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Russia, the West, and Military Intervention$
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Roy Allison

Print publication date: 2013

Print ISBN-13: 9780199590636

Published to Oxford Scholarship Online: September 2013

DOI: 10.1093/acprof:oso/9780199590636.001.0001

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Contested Norms in the CIS Regional Order

Contested Norms in the CIS Regional Order

(p.120) 6 Contested Norms in the CIS Regional Order
Russia, the West, and Military Intervention

Allison Roy

Oxford University Press

This chapter investigates the regional dimension of the normative interplay between Russia, other CIS states, and major Western states. It assesses how far and with what success Russia has promoted norms for the CIS regional order related to the use of force and interventions. Initially it shows how Russia sought to assert primacy in the CIS region in the 1990s, to confirm a hierarchical structure of power and act as the regional security manager. This was reflected in Russian-style peacekeeping in regional conflicts, which struggled to establish its legitimacy through principles of CIS multilateralism. The chapter proceeds to show how Moscow regarded the 2003–5 ‘coloured revolutions’ as Western-inspired and as representing both normative and strategic challenges. Finally, the chapter analyses the Collective Security Treaty Organization since 2003. Russia has used this as a political instrument to bolster the regime security of CIS states. However, the CSTO might also be used to intervene in future intra-state crises in this region.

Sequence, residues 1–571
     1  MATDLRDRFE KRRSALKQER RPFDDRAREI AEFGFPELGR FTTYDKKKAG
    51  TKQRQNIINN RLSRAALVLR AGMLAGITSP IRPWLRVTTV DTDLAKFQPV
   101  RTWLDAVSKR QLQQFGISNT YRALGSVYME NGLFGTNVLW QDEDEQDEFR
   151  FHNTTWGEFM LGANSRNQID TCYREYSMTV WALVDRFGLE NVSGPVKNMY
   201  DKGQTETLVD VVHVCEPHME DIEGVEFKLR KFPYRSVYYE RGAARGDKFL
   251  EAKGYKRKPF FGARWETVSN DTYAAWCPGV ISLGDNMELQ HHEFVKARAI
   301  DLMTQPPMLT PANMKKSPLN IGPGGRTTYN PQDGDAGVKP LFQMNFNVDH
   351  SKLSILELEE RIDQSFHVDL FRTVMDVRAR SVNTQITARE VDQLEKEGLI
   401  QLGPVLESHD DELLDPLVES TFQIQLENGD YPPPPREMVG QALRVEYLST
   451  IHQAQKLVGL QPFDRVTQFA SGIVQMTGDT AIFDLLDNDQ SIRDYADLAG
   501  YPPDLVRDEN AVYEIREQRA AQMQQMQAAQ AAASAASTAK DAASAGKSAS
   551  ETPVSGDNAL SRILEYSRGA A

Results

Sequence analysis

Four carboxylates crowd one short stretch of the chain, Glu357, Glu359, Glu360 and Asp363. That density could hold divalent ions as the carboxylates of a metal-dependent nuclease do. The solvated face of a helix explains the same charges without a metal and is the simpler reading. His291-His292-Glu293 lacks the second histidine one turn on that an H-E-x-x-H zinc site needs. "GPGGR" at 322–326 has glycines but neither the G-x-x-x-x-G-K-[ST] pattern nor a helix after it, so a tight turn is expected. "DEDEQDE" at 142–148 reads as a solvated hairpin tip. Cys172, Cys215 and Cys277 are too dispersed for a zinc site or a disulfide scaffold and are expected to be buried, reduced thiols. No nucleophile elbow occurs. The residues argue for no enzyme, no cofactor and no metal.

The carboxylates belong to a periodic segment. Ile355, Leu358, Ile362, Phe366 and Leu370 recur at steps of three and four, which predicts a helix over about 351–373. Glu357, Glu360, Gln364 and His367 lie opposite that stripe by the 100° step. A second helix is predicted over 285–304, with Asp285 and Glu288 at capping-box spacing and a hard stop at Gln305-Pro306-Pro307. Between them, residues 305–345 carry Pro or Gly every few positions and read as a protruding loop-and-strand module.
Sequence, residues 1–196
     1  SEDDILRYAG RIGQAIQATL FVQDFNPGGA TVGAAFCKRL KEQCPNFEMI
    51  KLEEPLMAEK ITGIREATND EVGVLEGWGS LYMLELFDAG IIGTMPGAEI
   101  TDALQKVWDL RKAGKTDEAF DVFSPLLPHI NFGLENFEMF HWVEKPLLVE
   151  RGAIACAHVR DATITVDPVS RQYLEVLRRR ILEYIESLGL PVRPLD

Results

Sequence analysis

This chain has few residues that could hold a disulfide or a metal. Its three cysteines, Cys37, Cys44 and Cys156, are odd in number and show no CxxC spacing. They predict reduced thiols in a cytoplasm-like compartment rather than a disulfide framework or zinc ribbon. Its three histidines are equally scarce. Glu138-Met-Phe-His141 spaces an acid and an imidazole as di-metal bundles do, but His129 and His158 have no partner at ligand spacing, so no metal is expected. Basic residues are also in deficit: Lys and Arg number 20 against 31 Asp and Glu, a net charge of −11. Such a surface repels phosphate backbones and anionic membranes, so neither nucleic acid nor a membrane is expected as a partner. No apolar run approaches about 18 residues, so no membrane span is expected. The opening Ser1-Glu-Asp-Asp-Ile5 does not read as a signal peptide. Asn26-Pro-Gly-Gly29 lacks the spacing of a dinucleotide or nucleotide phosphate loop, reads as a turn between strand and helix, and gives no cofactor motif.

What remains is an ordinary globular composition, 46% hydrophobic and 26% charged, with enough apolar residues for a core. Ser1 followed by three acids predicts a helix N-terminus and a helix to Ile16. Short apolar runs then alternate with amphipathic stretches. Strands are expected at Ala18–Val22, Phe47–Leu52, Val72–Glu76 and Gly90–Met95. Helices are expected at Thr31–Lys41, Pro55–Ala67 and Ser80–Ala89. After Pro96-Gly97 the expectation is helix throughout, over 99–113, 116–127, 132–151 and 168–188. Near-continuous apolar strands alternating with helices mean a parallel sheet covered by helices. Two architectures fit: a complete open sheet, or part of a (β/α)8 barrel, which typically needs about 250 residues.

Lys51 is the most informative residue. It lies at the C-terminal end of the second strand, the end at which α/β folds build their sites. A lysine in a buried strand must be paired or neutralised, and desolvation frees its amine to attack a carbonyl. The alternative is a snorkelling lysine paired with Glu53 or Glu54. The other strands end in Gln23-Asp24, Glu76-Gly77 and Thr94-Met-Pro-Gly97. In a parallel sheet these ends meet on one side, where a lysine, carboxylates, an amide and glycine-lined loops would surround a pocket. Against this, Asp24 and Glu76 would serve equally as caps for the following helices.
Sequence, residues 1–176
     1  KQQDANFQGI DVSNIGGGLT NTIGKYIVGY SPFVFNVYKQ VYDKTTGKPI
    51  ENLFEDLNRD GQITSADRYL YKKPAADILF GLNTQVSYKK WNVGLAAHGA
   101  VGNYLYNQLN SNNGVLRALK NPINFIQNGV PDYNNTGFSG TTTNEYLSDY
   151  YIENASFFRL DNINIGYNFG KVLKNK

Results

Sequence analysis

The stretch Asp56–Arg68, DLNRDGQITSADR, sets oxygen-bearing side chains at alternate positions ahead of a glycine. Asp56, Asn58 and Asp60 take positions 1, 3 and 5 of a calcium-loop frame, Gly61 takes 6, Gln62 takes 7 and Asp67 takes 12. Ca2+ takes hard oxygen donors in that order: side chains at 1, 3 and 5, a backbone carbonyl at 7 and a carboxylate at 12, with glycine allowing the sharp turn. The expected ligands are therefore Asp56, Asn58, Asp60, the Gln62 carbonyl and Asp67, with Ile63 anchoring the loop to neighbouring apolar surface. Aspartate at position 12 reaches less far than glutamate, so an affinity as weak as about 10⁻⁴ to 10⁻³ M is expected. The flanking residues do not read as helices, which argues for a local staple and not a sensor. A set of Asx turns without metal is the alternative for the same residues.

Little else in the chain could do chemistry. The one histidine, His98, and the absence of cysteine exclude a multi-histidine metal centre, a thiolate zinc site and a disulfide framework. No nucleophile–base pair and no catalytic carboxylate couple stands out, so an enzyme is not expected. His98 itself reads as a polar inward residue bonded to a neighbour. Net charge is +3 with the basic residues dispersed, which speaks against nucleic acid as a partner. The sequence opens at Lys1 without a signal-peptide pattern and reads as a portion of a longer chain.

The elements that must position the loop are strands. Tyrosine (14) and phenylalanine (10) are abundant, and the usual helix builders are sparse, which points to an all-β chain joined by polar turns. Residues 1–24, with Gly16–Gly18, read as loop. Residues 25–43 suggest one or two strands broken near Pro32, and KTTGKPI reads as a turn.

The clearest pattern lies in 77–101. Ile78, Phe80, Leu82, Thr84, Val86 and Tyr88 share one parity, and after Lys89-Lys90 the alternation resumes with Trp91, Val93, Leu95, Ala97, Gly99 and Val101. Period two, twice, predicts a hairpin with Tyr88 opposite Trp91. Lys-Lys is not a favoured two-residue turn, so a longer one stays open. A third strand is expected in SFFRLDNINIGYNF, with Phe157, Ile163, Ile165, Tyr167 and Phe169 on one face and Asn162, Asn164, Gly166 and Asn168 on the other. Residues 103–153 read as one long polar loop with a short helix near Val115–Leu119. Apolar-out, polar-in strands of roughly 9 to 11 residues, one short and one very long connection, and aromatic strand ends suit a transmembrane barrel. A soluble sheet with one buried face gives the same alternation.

Keywords:   CIS region, Russia, peacekeeping, coloured revolutions, Collective Security Treaty Organization, Kyrgyzstan

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